A Big Indian Story

26 June, 2015- 2nd July, 2015

View what happened in the exhibition on these six days here.

For over the period of six days, Gyaan Adab Centre came alive with the whispers of various traditions of our country. Be it a mirror stylized and framed around expert handicraft or a simple white table that looked more elegant than fashionable, A Big Indian Story took those present into a journey that crossed borders, into the heart of India.

The exhibit featured three beautiful traditional art forms - Kalamkari from Andhra Pradesh, Gond from Madhya Pradesh and the Bengal Pattachitra. It was fascinating to realize that each state had their own story, their own people who had their own setbacks and opportunities.  It was amazing to see the talent that lied in the hands of these folk artisans who were so untouched by civilization yet can touch you through the thoughts behind their paintings, sculpture and craft.

However, what we don't realize these days is that many of these art forms are shrinking. Which causes these gifted artists to face economic hardships, chiefly due to lack of support. And to see an exhibition that was working towards revival of these art forms by taking their art to a wider audience and ensuring recognition and respectful livelihood for these artisans, is something one doesn't come across often. For one can always be assured that these artisans will carry on their work relentlessly, ensuring that their future generations carry on their lineage.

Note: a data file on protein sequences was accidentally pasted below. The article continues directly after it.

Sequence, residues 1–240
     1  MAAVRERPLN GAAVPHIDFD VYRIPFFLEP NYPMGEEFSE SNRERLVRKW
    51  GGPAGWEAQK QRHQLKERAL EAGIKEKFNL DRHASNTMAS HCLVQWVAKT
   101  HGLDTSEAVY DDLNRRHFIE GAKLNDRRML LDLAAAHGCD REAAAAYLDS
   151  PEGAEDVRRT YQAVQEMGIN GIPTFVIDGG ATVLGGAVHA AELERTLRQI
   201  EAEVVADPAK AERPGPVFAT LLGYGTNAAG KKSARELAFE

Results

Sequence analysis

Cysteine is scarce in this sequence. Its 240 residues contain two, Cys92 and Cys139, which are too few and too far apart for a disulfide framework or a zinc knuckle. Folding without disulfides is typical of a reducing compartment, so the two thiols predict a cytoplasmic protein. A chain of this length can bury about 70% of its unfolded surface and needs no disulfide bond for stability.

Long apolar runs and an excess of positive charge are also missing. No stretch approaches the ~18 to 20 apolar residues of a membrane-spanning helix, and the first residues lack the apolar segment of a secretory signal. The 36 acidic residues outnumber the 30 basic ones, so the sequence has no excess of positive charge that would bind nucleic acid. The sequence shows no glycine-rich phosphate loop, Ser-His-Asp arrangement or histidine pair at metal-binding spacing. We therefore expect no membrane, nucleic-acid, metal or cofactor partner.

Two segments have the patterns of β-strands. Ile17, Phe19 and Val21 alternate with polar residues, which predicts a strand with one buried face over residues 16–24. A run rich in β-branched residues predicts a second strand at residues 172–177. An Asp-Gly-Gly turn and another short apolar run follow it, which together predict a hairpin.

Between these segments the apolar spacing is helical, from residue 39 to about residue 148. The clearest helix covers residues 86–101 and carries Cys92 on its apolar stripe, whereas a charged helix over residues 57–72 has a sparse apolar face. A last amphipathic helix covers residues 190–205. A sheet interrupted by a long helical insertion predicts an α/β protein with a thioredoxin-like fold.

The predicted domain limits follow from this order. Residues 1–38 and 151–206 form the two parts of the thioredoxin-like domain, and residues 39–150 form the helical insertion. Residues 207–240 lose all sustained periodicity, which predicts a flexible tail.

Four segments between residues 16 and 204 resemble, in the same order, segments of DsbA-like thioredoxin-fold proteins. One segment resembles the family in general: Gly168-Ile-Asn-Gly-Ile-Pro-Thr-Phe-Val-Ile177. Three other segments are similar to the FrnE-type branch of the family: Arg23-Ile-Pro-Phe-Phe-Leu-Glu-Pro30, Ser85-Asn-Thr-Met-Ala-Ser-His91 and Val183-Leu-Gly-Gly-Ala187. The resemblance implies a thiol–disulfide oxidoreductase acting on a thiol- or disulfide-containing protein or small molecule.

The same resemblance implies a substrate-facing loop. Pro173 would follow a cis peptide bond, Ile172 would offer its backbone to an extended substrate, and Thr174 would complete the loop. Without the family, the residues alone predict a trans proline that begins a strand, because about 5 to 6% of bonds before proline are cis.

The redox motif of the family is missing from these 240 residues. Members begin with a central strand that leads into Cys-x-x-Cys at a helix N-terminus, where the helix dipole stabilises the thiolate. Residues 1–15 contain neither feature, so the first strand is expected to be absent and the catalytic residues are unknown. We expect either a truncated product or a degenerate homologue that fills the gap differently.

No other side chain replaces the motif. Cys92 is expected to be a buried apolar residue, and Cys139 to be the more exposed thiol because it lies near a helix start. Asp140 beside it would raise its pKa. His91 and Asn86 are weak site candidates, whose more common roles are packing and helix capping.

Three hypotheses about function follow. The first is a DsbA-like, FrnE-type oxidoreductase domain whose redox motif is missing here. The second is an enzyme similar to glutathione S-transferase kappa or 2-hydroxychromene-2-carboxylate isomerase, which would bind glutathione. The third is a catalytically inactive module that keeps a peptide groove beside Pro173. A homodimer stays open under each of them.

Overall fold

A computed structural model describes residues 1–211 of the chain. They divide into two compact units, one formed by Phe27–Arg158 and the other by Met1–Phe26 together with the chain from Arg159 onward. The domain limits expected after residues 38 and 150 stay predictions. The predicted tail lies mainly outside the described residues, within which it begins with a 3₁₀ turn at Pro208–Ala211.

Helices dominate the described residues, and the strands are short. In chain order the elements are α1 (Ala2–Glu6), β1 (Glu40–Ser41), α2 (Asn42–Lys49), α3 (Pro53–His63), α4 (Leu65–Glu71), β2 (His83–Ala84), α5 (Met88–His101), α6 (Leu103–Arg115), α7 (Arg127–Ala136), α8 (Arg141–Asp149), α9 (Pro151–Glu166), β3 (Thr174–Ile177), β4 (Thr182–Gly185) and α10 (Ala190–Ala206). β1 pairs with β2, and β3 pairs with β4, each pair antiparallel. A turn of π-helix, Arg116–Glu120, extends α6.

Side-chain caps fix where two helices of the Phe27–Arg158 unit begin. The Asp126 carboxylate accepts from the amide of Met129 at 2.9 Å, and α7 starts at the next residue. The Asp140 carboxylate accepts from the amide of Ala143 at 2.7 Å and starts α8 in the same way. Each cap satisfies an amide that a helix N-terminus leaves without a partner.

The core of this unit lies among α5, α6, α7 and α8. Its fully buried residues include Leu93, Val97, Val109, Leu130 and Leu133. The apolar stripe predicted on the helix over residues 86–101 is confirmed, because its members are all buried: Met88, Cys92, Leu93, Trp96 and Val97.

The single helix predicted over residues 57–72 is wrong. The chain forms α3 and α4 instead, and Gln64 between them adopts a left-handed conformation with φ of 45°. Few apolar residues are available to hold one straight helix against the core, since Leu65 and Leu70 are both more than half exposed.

The tribes of India and their traditional arts and crafts are beautifully brought out in this assortment.

The tribes of India and their traditional arts and crafts are beautifully brought out in this assortment.

Many of these art forms are shrinking and these gifted artist are facing economic hardships due to lack of support and patronage!

Many of these art forms are shrinking and these gifted artist are facing economic hardships due to lack of support and patronage!

A Big Indian Story, as part of their mission, is working towards revival of these art forms by taking their art to a wider audience and ensuring recognition and respectful livelihood for these artisans.

A Big Indian Story, as part of their mission, is working towards revival of these art forms by taking their art to a wider audience and ensuring recognition and respectful livelihood for these artisans.

Mr. Azeem Merchant inaugurates the exhibition.

Mr. Azeem Merchant inaugurates the exhibition.

The artists use natural colors derived from charcoal, colored soil, plant sap, leaves, and cow dung. This mystical art form is created by putting together dots and lines.

The artists use natural colors derived from charcoal, colored soil, plant sap, leaves, and cow dung. This mystical art form is created by putting together dots and lines.

Patachitra or scroll painting of rural Bengal are made by the Patuas, a branch of the Chitrakar caste. The Patuas are professional artists who make images and paintings for a living. They are also accomplished singers.

Patachitra or scroll painting of rural Bengal are made by the Patuas, a branch of the Chitrakar caste. The Patuas are professional artists who make images and paintings for a living. They are also accomplished singers.